Extreme metal fans are so familiar with the term “sludge metal” at this point that the subgenre, like so many others with similar niche appeal, often risks self-parody. This isn’t a diss either – it’s a kind of inevitability with any musical movement that will stand the test of time. Take black metal for example: it’s easy to forget that this genre of music created by Norwegian teenagers was at one time the most divisive and, dare I say, extreme thing going on in metal as we are now so far from black metal, early metal, that the concepts of corpse paint, booming voices and screeching trains have become a kind of expected uniform rather than the shocking statement they once were. It happened!
So with that in mind, we see the same evolution in sludge metal over the years. Just as the words “black metal” tend to conjure up a very specific image in the mind of the average metal listener, the mention of sludge metal to almost anyone with a passing interest in metal conjures up an equally distinct mental image. Abuse of just about every recreational and prescription drug under the sun, riffs tuned with a vaguely “southern” feel, tempos that range from mosh-friendly to darkly slow, and band members who look like they stepped out of -a Cretaceous tar pit. before entering the stage. It all comes from somewhere, though, and there’s one band that embodies the complete sludge metal archetype more than any other: Buzzov*en. And when you want a true sludge metal experience, one that’s so emotional and wildly underwhelming that the idea of parody doesn’t even exist in your universe while the band is playing, you want … In Loss.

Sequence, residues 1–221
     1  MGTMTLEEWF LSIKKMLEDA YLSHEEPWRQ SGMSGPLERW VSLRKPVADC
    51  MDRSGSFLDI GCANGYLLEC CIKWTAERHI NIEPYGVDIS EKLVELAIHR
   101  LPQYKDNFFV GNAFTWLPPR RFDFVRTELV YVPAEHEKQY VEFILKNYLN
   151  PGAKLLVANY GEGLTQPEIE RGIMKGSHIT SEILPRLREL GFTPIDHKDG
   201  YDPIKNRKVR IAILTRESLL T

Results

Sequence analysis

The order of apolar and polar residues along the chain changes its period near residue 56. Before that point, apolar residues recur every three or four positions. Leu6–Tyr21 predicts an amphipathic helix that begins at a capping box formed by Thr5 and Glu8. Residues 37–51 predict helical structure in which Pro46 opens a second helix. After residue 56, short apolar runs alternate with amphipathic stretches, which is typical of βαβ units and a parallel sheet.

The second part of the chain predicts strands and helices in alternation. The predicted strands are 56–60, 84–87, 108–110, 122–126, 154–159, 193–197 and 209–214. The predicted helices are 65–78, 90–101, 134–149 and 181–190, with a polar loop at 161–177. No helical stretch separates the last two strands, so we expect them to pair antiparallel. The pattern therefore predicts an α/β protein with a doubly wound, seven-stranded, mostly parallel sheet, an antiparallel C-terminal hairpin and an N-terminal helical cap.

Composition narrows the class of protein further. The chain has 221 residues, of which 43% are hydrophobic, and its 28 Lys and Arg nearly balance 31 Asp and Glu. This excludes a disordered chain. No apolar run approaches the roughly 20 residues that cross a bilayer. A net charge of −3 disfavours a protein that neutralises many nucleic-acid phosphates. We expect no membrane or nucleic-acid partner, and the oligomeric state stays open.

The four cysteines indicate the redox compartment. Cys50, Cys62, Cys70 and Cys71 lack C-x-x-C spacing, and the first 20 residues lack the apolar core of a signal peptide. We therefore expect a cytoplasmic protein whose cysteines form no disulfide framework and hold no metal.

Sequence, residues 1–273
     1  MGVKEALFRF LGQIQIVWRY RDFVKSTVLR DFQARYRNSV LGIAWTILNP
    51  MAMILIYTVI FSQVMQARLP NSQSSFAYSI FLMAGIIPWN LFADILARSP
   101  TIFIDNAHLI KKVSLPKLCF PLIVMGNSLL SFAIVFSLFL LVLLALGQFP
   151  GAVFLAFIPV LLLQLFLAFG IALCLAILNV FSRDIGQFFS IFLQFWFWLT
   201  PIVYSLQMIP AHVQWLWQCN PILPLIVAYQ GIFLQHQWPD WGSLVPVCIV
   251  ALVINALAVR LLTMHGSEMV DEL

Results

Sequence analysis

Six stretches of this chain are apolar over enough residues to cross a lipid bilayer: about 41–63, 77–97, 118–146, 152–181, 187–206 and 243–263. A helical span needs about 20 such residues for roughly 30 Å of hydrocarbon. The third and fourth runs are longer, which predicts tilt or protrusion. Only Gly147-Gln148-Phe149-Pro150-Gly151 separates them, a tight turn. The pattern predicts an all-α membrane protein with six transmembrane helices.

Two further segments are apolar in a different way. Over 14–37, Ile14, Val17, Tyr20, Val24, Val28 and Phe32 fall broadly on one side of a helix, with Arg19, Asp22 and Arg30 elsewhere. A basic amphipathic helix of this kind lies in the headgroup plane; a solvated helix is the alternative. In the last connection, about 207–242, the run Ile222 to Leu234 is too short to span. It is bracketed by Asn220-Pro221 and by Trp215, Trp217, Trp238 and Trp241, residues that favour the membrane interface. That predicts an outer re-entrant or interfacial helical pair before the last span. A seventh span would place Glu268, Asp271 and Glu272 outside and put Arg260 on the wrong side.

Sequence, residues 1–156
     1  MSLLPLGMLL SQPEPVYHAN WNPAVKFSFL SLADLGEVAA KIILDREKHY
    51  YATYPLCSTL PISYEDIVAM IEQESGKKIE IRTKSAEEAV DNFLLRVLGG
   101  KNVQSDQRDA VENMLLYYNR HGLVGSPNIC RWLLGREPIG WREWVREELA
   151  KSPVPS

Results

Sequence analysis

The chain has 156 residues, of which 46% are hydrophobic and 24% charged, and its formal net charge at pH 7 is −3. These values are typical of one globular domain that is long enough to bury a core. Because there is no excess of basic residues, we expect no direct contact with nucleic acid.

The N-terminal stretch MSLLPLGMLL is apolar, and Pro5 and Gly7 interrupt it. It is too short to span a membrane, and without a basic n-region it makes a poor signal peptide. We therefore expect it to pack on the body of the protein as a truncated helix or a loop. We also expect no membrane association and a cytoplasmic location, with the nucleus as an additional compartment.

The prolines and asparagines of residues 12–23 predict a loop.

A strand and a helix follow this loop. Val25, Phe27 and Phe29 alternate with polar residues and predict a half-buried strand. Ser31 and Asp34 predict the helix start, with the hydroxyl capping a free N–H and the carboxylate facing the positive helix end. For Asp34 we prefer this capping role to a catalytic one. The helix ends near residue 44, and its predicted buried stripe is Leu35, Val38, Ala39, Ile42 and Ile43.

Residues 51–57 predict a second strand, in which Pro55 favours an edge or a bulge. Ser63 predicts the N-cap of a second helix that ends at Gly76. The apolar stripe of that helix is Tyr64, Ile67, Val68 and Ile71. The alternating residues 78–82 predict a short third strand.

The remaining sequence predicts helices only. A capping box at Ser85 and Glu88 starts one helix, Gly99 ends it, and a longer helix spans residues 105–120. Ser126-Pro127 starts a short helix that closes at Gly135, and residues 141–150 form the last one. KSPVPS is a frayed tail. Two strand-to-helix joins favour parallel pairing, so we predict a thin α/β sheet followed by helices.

… In Loss It was the North Carolina band’s last album before their 10-year breakup in 1999, and it’s hard to imagine how they could go on after releasing something that exists as such a profound statement on the band’s clearly slippery grasp of their own health. While the metallic mud bands in the post-Buzzov*en universe took the band’s drug-abusing tendencies and smoothed the edges to create something of a cartoonish coming-of-age celebration nowhere to be found in … In Loss. The addictions featured on this album are violent and raw, diving into the basic nature of drive and compulsion and making a home in those murky depths for the entire hour of the album. Travis Bickle begins the record by warning us that “someday a real rain will come and wash the trash off the streets,” but that rain never comes. There is only misery. And about a minute later, a mocking laugh.
Music found in … In Loss it is as dark and menacing as its subject. Vocalist Kirk Fisher moans and screams to blasts of feedback from their guitars and a man named ‘Sleepy’. Bass singer Dixie Dave (who knows weed eaterwhich began to follow Buzzov*enseparation from) and drummer Ramzi Ateyeh provides the backbone of the registry, establishing a foundation of Skynyrd– shuffling debts under each discordant bombardment from the other half of the band. And all the while, samples drawn from the entire spectrum of human suffering are scattered far and wide. Police chatter, crying women and children, street fights, drug dealing gone wrong – every clip serves as an emphasis on cruelty Buzzov*enuniverse of.
Many (probably even Buzzov*en themselves) indicate Melvins as a cornerstone for what would become modern sludge metal, but I have a strong opinion that everything is coming Buzzov*en. It’s all there, and has been there since the beginning of the band’s decade-long underground reign of terror. My highest possible recommendation.
Source : dial.news